From a stable job to a start-up business

This week I spent some time interviewing friend and now supplier of my firms book-keeping services, Ben Didier about starting his own business earlier this year.

Why did you choose to go it alone?

I have always wanted my own business, ever since I was young.  For me it was the plan from the start – College then Uni then business and management experience – then my own business!  It has been far from plain sailing but that is near enough the route I have taken.  I actually wrote down the reasons for taking the step when I started, as I knew there would be tough days ahead and I needed to be clear about why I was doing it. Here they are:

1.       Create something of my own that I can build and develop.  I get a real sense of achievement from that and hopefully, eventually it will produce a strong income.

2.       Set my own terms of working.  I want the freedom to choose my own projects and working methods.  On the other side the responsibility and risk that comes with this it is not for everyone and not all circumstances – sometimes you can’t afford to take the risk.

3.       Direct risk and reward.  I want to get the direct benefit of my actions and decisions, and am also prepared to accept the consequences of those when it doesn’t work out.  Employment can shield you from both sides of this, to an extent.

What attitude do you think you need to go it alone?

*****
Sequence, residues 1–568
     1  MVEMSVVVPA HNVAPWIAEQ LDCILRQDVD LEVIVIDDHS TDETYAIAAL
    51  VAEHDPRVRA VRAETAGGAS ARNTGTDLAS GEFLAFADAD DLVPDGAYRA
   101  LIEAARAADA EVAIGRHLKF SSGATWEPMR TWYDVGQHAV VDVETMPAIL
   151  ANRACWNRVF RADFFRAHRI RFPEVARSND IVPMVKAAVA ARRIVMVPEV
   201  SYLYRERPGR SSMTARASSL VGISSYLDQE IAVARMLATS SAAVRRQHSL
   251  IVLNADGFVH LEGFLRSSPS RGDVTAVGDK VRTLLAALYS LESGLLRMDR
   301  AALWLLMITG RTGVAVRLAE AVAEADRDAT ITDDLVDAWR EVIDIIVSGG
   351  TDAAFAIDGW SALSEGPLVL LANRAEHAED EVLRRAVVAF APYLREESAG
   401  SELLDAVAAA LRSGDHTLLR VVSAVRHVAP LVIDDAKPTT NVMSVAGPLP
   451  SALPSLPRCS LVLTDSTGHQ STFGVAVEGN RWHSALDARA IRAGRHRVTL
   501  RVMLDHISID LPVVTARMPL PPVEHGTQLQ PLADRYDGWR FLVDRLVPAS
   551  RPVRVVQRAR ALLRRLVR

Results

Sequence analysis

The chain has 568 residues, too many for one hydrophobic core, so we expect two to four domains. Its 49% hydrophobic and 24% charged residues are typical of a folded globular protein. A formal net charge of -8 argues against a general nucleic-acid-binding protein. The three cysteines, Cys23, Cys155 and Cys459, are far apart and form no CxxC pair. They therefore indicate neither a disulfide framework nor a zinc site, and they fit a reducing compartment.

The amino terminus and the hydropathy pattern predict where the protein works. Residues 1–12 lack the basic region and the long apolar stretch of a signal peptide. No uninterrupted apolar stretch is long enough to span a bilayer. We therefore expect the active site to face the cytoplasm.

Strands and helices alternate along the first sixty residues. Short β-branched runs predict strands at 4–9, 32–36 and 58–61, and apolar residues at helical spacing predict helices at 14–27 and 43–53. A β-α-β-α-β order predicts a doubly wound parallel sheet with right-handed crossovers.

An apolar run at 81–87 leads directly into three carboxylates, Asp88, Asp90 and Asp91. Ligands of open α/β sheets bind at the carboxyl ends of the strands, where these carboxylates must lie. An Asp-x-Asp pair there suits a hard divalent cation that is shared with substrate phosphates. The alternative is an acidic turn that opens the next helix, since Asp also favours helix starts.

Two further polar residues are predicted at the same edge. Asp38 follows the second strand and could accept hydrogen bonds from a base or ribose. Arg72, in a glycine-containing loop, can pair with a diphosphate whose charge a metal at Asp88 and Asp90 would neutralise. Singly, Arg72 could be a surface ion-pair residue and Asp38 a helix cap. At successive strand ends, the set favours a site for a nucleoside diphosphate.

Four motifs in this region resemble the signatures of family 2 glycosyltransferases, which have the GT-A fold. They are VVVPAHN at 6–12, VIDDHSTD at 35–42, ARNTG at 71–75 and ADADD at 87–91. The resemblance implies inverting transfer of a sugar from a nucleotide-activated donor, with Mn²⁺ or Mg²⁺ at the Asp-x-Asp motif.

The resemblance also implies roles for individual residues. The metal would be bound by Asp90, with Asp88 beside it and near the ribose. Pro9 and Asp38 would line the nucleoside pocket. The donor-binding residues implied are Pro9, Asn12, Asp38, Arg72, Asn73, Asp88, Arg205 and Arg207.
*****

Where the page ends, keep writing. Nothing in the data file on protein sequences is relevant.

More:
The single most important part of starting out on your own is – Wanting itResilience is the first quality of business – because if you give up before you have had chance to make it – then you wont.   People outside of business often focus on their service or product when thinking about starting up, rather than about winning work.  This can prove a shock when starting out, as business is primarily driven by winning customers – and looking after them!  Winning the work requires determination as it takes time, people aren’t always ready for what you offer at the time you offer it, and there are always many set-backs.  If you can’t get beyond those mentally, then business may not be for you.  As a bookkeeper I would always say you need to be interested enough in the figures to ensure that more money is coming in then going out!

What was the scariest thing about doing it?

The unknown market –“ is there the appetite for the services I want to provide in the area?”  You never really know until you actually start.  I had planned to get a part time job if the clients did not materialise quickly enough, and had cut my personal outgoings to the bone, so I had considered the risks carefully.  I knew sales may takes some time and wanted to survive long enough to be able to build a reputation and client base – the low overheads were crucial to this.

How you are getting on?

Fantastically!  Having started in January this year, after 8 months I now have 8 clients I provide services for every month and have worked on some other interesting projects.  I am independent and self-sufficient which is great.  One good thing about bookkeeping is the regularity of the work, this reduces pressure to get new sales all the time, so I can focus more on looking after the clients I have.  A commercial perspective on internal finance in producing the figures is really helping the owners I work with to make more informed decisions – so there the feeling of delivering something of value which I also get a great deal out of.

Now Your Thoughts

Have you made the leap from a stable job to a startup? Want to add anything to the post that you’ve learnt along the way?

You can find out more about Ben and his services on his website: http://www.bookkeepingssw.co.uk/ or follow him on Twitter: @bookkeepingben – I can’t recommend him highly enough 🙂

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